We British are reserved and understated: simple is good. Americans will reveal the highlights of their lives within 15 minutes of meeting you: money is good. Americans accept that setbacks are integral to success. Property tycoon Donald Trump is feted in the States even though he has faced bankruptcy on several occasions. The British don’t do failure. You’re either up or you’re down – and if you’re down, you’re out. The expectation is that you will crawl away in to a hole and not embarrass anybody.

Bob Diamond is an American who has risen to the top at British bank Barclays. My eternal thanks to the devoted reader who said after last week’s taster on the great man: “I felt like I had just been cheated by one of those US TV dramas that spend the whole episode telling you what's coming up next, only to then wrap up by telling you it's in the next episode.”

This week, I look at how B (Bob) grappled with A (adversity) when BZW hit a rough patch in 1997 (or as one source put it: “careered off a cliff”). It was during the autumn of 1997 that Martin Taylor, then chief executive of Barclays “threw a wobbly”.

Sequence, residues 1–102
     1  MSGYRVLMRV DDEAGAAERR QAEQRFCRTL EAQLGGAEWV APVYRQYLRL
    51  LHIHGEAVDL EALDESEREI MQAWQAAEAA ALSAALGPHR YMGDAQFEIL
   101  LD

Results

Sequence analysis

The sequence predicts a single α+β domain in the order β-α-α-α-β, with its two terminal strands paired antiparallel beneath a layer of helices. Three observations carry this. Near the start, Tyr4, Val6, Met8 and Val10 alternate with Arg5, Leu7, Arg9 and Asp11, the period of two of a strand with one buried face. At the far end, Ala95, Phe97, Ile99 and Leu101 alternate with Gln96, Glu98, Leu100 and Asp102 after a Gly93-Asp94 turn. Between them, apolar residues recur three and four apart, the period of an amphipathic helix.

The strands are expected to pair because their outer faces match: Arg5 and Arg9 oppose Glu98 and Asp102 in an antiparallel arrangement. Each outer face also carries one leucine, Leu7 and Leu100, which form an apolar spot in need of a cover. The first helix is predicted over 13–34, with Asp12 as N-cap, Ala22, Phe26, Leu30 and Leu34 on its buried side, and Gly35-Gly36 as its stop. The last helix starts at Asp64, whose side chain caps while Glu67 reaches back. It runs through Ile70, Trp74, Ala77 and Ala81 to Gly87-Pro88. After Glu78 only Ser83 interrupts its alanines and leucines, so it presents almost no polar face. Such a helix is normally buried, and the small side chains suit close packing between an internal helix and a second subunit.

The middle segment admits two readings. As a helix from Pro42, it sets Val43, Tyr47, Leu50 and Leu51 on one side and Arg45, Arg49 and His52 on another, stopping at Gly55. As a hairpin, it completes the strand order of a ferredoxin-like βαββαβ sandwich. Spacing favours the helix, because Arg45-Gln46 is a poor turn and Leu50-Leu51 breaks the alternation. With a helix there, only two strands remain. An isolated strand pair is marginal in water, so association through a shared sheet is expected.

During the previous year, Taylor had trumpeted to anyone who would listen that he was investing in Barclays’ merchant bank, BZW, in order to build a viable UK alternative to the US investment banks. He paid up to hire stars from other firms: in came Bill Harrison from Robert Fleming, Charlie Stonehill from Morgan Stanley and our hero Bob from CSFB.

The press worshipped Taylor. He was dubbed a cerebral wunderkind because he spoke lots of languages (but then so does my Polish cleaner) and had worked for Courtaulds, one of a dwindling band of British industrial companies. Taylor, a former Financial Times journalist, should have been smart enough not to believe his own public relations hype. However, there’s a gaping gap between intellectual smart (overrated, as far as I’m concerned) and street smart (do the names Bill Gates or Philip Green mean anything to you?).

In October 1997, Taylor, in the fashion of a Roman emperor, did a massive U-turn. He claimed that his previous vision had been flawed and announced that he was selling BZW. Or rather dismembering it.